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Show Report

Show Report: A_PLAN_APPLICATION A/W 18 Womenswear

published on 4 March 2018

Georgina Evans reports on Anna Blessmann's A_PLAN_APPLICATION A/W 18 womenswear show.

Georgina Evans reports on Anna Blessmann's A_PLAN_APPLICATION A/W 18 womenswear show.

A_Plan_Application is the new kid on the block. Spotted by Virgil Abloh and rocketed into the forefront, A_Plan is a brand you ought to know about. Created by Anna Blessmann, the brand is refreshingly unique in its form and its concept. Much like Abloh, Blessman didn’t follow a typical trajectory into fashion. She’s a talented artist and thus her garments are focused on form, body, and how the clothes move and fit with the wearer.

Blessmann has been dressing from army surplus and customising her own hoodies and garb for years, as a creative she wanted something that represented her and her passions - a stylish buildable wardrobe that doesn't overtly peacock a 'passion for fashion.’ Whereas it’s commonplace for artists to gravitate toward Comme des Garcons, Junya Watanabe and Dries van Noten, A_Plan_Application offers pieces for those that don’t want to be defined by who or what they wear. They’re a neutral base of brilliance. No labels, no frills.

These are buildable items; hoodies (these have a slight stiffness to them, Blessmann added this so that when worn, the hoods stand up in a sculptural shape), fisherman knit jumpers, tapered tracksuit trouser, polos and sweatshirts. Some are cut with wide hips in mind, some are cropped, some are high-waisted, all are created to consider different bodies. You could take one and have its cut, fabric, and neutral colour elevate your wardrobe or you could buy three interchangeable pieces and gain three entirely new looks. Having seen Blessman demo at least three pieces on her already full look, every item change creating another brilliant and surprisingly different outfit, I find the latter incredibly hard to resist.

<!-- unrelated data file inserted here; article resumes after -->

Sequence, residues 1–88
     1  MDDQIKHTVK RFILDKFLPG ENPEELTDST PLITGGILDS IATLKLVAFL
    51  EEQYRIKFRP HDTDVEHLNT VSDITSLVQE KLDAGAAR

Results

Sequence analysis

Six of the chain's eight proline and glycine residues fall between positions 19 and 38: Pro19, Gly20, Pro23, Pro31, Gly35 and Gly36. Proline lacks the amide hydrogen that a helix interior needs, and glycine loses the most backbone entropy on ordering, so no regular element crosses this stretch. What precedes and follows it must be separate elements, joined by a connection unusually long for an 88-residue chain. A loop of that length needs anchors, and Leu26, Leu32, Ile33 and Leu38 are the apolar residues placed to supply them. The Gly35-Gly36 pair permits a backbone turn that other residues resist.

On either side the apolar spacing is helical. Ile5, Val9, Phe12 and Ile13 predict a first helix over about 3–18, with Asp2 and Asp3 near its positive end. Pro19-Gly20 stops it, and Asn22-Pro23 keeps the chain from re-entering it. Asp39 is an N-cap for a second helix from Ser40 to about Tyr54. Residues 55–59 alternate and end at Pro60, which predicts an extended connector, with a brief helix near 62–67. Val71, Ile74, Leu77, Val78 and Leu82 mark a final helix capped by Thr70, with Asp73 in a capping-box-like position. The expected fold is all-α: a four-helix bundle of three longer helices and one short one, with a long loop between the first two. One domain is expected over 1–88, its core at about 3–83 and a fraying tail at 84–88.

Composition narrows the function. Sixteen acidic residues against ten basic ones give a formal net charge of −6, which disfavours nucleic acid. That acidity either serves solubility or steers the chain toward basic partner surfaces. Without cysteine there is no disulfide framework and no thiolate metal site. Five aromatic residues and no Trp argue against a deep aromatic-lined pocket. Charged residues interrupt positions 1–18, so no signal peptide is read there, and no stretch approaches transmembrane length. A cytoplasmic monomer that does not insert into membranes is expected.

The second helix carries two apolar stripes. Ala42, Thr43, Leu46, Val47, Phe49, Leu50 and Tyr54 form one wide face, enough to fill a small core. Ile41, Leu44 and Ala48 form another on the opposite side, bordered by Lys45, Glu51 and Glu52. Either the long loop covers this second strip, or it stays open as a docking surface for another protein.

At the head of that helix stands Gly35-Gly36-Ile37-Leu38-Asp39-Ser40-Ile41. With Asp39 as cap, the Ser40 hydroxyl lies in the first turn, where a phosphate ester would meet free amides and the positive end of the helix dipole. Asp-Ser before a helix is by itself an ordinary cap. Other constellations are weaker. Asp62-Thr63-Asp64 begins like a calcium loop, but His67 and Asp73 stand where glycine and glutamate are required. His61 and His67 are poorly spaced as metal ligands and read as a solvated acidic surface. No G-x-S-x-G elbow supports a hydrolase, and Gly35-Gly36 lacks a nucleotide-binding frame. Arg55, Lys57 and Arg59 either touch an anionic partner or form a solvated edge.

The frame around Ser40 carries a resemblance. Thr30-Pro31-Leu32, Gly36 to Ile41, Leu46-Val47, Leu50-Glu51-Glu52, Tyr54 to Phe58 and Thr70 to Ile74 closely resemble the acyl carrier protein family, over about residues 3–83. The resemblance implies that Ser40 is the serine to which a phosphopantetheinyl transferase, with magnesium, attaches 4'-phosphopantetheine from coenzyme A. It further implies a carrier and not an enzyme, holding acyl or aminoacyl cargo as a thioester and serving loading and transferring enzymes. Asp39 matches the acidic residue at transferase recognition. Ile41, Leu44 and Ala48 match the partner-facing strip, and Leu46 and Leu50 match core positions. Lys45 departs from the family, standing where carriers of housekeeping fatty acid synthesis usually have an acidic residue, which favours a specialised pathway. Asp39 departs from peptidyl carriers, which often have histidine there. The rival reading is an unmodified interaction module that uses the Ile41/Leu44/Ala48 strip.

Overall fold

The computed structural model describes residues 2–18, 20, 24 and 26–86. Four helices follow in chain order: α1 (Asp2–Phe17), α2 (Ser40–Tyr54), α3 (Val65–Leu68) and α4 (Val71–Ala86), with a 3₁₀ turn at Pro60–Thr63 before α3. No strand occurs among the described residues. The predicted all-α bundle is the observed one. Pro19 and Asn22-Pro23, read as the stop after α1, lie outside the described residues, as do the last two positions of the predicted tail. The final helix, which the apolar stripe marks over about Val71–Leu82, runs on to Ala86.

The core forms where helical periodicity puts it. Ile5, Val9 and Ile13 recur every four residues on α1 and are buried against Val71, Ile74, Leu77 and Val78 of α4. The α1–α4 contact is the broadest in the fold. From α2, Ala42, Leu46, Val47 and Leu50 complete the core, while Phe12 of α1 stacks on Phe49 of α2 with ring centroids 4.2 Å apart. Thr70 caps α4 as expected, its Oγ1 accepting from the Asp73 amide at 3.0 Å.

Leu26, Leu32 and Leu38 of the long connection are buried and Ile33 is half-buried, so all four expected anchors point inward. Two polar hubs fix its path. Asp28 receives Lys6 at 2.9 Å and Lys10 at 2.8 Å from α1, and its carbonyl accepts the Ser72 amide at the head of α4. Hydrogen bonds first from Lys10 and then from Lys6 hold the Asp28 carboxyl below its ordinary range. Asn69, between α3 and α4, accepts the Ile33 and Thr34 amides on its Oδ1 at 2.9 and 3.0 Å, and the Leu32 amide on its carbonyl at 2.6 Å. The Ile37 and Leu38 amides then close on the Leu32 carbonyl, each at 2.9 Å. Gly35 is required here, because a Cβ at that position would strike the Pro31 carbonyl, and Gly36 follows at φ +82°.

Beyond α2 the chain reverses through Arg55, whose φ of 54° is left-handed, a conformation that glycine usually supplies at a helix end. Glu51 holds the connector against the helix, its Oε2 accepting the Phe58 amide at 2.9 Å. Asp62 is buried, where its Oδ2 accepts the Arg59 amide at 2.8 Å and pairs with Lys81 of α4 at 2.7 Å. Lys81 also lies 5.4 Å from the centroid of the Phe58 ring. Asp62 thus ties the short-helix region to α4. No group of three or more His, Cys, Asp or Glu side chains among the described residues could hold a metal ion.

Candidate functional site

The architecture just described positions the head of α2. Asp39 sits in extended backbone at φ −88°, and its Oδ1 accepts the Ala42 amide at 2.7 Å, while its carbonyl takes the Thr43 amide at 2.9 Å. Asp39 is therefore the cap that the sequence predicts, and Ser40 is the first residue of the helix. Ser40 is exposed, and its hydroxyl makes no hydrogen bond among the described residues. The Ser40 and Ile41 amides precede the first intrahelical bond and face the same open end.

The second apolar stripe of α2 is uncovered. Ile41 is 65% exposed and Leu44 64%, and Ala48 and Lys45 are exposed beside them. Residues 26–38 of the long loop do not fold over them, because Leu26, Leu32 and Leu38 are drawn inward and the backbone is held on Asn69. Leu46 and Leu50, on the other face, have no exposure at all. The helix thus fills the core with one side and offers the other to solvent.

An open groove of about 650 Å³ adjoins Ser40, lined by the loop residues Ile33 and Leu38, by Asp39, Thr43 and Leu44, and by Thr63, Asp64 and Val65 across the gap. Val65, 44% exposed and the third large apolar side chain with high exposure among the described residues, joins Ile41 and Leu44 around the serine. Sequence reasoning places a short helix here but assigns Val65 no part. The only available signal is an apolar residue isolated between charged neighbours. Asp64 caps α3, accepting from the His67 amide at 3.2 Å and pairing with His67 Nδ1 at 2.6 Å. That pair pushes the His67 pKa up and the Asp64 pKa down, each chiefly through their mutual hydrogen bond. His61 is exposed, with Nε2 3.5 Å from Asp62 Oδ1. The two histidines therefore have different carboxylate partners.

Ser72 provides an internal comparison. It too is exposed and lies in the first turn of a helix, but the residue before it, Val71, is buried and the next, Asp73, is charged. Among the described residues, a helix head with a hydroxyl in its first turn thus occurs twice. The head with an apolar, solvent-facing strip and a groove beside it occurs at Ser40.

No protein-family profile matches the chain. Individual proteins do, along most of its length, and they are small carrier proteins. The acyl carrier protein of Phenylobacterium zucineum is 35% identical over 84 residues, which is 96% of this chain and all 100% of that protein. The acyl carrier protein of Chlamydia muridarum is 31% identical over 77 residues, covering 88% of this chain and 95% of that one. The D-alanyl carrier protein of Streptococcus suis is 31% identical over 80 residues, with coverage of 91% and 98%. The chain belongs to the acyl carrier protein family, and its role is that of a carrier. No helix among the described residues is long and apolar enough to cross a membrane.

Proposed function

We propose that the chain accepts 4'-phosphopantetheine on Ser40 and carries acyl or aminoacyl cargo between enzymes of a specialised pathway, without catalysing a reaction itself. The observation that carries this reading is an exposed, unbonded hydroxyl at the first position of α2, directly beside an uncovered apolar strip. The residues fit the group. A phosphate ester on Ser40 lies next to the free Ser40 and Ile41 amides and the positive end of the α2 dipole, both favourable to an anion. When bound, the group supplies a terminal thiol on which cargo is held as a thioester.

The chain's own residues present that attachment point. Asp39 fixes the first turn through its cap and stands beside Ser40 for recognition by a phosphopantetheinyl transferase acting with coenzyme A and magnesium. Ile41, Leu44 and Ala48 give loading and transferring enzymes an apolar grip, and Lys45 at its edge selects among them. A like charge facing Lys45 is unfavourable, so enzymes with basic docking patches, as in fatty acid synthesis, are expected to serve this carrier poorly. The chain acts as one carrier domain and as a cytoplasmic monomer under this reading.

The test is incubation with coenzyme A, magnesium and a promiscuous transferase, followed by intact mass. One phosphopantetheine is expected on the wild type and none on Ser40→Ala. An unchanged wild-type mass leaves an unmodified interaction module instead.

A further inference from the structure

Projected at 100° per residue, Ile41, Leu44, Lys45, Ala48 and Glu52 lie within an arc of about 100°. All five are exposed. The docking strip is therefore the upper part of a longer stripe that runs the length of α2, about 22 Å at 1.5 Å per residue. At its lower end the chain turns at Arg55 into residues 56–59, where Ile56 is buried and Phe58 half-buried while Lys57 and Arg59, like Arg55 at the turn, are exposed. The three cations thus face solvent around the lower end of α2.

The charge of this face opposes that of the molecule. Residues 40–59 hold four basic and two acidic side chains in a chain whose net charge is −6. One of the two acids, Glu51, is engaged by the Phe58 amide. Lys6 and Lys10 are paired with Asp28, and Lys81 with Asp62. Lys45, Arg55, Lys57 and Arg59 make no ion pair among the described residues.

There’s an almost Bauhaus approach to this capsule collection; these are practical items made to be kept and worn on repeat, they’re buildable, dependable, flattering. Both the fabric choice and the colours are designed for durability and compatibility; cotton, denim and merino wool are offered in bright sky blue, navy and a stark white. The former a reference to cheap plastic carrier bags and the latter a nod to uniformity. The utilitarian aspect comes through in both colours and cut, particularly with the boots - which are designed to challenge the need for tights- the jumpsuit and the apron-skirt.

Each season, Blessmann adds a silken scarf amongst her uniform. It’s the only silk item, it’s the only patterned item, and it’s designed by her partner graphic designer Peter Saville. A personal flair amongst the systematic silhouettes. This capsule is individual but methodical, it’s fashionable but not fashion-obvious, it's slick, exquisitely designed, basic but beautiful. I'm converted! Scrapping my wardrobe and starting again with A_Plan_Application.

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